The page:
Estimate the maximum and minimum temperatures which recur during con
tinuous normal operation if the air temperature is 21C. (36.4 C, 32.4 C)
6 Show that the transient temperature distribution in a long cylinder may be
expressed as:
hR = fA (OI.t ~ Tr)
k 'P R2 ' R ' T
156
13 Specimen Examination
Paper Number 1
The following eight questions, based on the range of work covered in this volume,
are given as they might appear in a typical examination paper at the end of a first
year's work.
The solution using the problem solution approach, where appropriate, is given
question by question immediately afterwards.
It is hoped that, like the rest of this book, you will always attempt to solve the
problem for yourself first and only refer to the given solutions when in trouble.
13.1 Questions
1 (a) Complete the following table of properties for 'water substance' in its
various phases:
L e h Regime or
bar kJ/kg kJ/kg quality
300 2774
10 0.00107
195 2000
(b) Superheated mercury vapour may be considered to behave like a perfect gas.
Calculate the specific enthalpy, specific volume and specific internal energy
at 30 bar, 700C.
2 0.5 kg of a perfect gas occupies 0.1 m 3 at 120C and 370 kN/m 2 If the ratio
of the two principal specific heat capacities is 1.25, determine the values of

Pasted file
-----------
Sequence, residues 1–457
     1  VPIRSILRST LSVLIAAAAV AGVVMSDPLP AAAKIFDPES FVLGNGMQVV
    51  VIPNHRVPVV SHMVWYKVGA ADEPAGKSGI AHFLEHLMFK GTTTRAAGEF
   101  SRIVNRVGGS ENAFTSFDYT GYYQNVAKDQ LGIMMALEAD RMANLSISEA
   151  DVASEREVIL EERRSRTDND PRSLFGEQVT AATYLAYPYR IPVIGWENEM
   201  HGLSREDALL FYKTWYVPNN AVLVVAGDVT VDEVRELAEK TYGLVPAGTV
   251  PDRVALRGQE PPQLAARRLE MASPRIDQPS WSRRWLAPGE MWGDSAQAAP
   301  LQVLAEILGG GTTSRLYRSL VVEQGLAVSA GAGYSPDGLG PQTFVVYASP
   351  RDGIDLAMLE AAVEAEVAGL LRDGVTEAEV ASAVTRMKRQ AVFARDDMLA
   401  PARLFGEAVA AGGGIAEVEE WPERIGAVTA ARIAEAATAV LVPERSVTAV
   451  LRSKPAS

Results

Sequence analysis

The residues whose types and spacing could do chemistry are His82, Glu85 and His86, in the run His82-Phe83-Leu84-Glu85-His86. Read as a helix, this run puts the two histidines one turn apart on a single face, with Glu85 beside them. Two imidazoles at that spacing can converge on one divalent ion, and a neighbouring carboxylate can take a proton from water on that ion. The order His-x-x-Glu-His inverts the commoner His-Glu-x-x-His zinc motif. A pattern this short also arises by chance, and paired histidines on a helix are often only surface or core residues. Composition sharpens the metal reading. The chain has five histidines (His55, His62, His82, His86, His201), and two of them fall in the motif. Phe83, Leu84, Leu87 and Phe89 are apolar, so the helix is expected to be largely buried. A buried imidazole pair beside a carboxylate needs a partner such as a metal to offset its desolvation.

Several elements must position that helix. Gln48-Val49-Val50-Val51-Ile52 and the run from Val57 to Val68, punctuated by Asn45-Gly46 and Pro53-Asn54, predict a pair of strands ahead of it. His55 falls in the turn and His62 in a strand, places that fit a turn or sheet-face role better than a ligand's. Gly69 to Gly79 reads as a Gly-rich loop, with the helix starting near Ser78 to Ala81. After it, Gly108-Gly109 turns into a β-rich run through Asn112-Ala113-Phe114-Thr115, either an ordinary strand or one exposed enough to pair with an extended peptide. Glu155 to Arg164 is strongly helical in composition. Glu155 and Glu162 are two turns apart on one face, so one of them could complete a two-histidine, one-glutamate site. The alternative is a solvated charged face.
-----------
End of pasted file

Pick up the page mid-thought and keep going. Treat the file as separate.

each. The gas is heated isochorically till its pressure is 1480 kN/m 2 and then
expanded reversibly and adiabatically to the original pressure after which it is
cooled to the original volume. Sketch the cycle on a pv diagram and calculate
the net work transfer between the gas and surroundings.
3 Show that for purely radial conduction of heat in a right circular cylinder of
thermal conductivity k
157
outer shield of PVC. The thickness of polythene is 0.5 mm and its thermal con
ductivity is 0.35 W/(m K); the PVC casing is 1 mm thick with a thermal conduc
tivity of 0.20 W/(m K). [2 R losses in the copper are conducted through the
plastics and convected from the outer surface of the PVC to the surrounding air
which is at 40C, the surface heat transfer coefficient being 28 W/(m 2 K).
Determine the temperature of the inner surface of PVC when the current carried
is 60 amperes. The electrical resistance of the copper wire is 3.055 x 10 3 D./m.
5 Steam flows through a nozzle which turns the flow through an angle of 90 as
in the figure. At entry the steam is at 50 bar and 500C, the crosssectional
area is 15 cm 2 and the velocity of flow is 20 m/s. At exit the pressure is 0.5 bar,
the dryness 0.98 and the crosssectional area is 10.7 cm 2 .
Determine the net force exerted on the bolted joints at either end of the
nozzle by the flowing steam.
Assume atmospheric pressure outside the nozzle.
158
7 Steam contained in a cylinder initially occupies a volume of 0.5 m 3 at a pressure